INSPIRED by the imperious giants of Scottish legend, they will tower almost 100 feet above one of the nation’s busiest roads, at the heart of its canal network.
The huge horse-head sculptures will not only be Scotland’s tallest works of art, but will help create a dramatic new gateway to a vast new visitor attraction taking shape in central Scotland.
The two sculptures are expected to attract almost half a million visitors a year to a new canal hub which has been created as the centrepiece of The Helix – a £43 million project to transform a 350-hectare swathe of previously unused land, close to Falkirk Football Club’s stadium.
Work is to start next week on the Kelpies, designed by artist Andy Scott, which are believed to be the largest steel horses’ heads to be built anywhere in the world. Incredibly, they are due to be constructed within just 75 days at a new turning circle which is nearing completion beside the existing Forth and Clyde Canal.
A huge logistical operation is underway to transport the vast pieces of the sculptures from a plant in north Yorkshire where they have been manufactured to a supermarket operator’s warehouse on a neighbouring site to The Helix development. Public access to the canal area will be kept open during the construction period to allow people to see the giant works of art take shape.
State-of-the-art technology is being installed inside the horses’ heads as part of a major visitor experience expected to be up and running by the spring. The parkland area around them is planned to become a regular home for festivals and events in Falkirk.
However, the sculptures themselves are being touted as Scotland’s answer to the Angel of the North, Antony Gormley’s famous sculpture in Gateshead, although the Kelpies will be almost a third taller.
A separate part of the vast site of The Helix – next to the West Mains Industrial Estate in Falkirk – will be turned into a new park, complete with lagoon for watersports, cafe and children’s play area by the autumn of this year. The entire project was given the green light in November 2007 when it emerged that the Big Lottery Fund had awarded it a £24 million grant – more than half the overall cost of the project. It was envisaged as a follow-up to the hugely successful Millennium Link project, completely in 2002, which created a major new canal link between Edinburgh and Glasgow in the form of the massive rotating boat lift, the Falkirk Wheel.
Steve Dunlop, chief executive of Scottish Canals, says: “This project was partly envisaged at the time of the Millennium Link, but the funding wasn’t available at the time. We were asked by the government to look at new opportunities and we began to formulate ideas on how we could extend the canal in this area and bring the surrounding land into much better use.
“We saw the Big Lottery Fund beginning to emerge, made the project much bigger than simply about the canal, and were actually the most successful out of 770 bids. This area was previously a disconnected place between Falkirk and Grangemouth and all 10 communities that sat around the edge of it were the most economically and socially challenged in the whole district by some way.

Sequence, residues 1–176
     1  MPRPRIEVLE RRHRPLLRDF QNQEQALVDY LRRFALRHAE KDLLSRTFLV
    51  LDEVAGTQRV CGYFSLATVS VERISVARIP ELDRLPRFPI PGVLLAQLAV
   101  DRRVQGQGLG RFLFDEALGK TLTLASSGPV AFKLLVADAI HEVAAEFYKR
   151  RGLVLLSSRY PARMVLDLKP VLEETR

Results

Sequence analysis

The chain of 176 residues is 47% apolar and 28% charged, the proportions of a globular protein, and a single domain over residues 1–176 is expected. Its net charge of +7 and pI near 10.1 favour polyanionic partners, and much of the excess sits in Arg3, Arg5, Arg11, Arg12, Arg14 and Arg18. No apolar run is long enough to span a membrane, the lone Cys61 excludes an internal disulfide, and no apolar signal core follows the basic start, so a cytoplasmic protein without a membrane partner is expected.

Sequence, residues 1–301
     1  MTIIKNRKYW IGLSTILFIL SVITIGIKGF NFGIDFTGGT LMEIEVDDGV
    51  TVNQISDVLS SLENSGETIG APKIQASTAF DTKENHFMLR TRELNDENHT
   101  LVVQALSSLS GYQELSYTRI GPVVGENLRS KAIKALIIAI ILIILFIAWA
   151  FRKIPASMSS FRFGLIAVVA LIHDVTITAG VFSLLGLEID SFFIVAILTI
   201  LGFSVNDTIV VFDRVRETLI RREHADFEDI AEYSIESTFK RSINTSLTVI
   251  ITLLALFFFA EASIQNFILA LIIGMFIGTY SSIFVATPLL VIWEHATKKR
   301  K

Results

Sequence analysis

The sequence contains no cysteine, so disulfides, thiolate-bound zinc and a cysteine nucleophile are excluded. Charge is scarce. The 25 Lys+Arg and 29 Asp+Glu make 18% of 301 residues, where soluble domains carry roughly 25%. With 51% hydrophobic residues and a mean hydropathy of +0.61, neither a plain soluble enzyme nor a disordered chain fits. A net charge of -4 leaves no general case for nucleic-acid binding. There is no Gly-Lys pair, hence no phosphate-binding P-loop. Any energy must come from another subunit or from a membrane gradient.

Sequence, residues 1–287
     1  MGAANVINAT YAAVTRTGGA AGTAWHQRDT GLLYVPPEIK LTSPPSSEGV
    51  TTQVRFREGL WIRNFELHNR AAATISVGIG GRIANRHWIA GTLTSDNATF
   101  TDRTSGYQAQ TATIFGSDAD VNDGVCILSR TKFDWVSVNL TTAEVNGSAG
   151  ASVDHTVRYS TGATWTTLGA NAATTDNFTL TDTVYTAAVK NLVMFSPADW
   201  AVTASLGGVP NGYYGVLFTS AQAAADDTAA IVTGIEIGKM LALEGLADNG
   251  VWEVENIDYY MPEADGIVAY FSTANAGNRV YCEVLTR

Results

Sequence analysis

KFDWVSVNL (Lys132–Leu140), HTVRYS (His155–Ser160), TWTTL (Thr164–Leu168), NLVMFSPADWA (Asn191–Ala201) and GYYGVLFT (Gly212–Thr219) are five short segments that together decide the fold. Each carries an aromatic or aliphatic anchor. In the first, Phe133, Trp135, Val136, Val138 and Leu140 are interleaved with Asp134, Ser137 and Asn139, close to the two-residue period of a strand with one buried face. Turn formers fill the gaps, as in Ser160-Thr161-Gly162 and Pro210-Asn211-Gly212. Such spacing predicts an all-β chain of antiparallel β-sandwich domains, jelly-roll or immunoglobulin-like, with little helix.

“What the project does is become a joining space – it connects these communities to each other, but also connects them to economic opportunity in the middle. That idea was kind of what won the bid six years ago. It is unimaginable the size, scale and impact the Kelpies are going to have. There’s no doubt about that. It is not art for itself, it is describing change and a sense of confidence in the area.”
Mike King, programme director for The Helix, says “Although the Kelpies are going in right next to the existing canal, we’re creating a number of new facilities, which will create massive new opportunities for the whole area. The main thing is opening the canal up properly. There were a lot of navigation constraints on the existing River Carron, particularly things like overhead obstructions. The Kelpies will be going in on either side of a new turning pool for canal boats, there is a new lock and an extension of the canal down underneath the motorway and down to the River Carron. It will make a huge difference.”
Horses’ heads were envisaged almost from the outset of the project, partly because of the animal’s links to the industrial heritage of central Scotland and the mythical Scots legend of water-based spirits or kelpies, as they are also known.
Andy Scott, who has been involved with the scheme for the last six years, says his design has even been inspired by Carnera, a horse which once pulled the wagon of the soft-drink manufacturer AG Barr, makers of Irn-Bru, in the 1930s. The firm was set up in Falkirk in 1874 by Robert Barr. He says: “As far back as six years ago I wrote of the Kelpies as monuments to the horse and a peaen to the lost industries of the Falkirk area and of Scotland. I wrote of working horses. Of their role in the progress of modern society, as the powerhouses of the early industrial revolution, the tractors of early agriculture and, of course, the first source of locomotion for barges on the Forth and Clyde Canal which the Kelpies will soon inhabit.”
Mr Dunlop adds: “If you are bold and ambitious, as with the Falkirk Wheel, it has an impact. The Angel of the North changed the whole mindset in the north-east of England.
“Over five, 10 and 20 years, people will come from all over the world to see this.”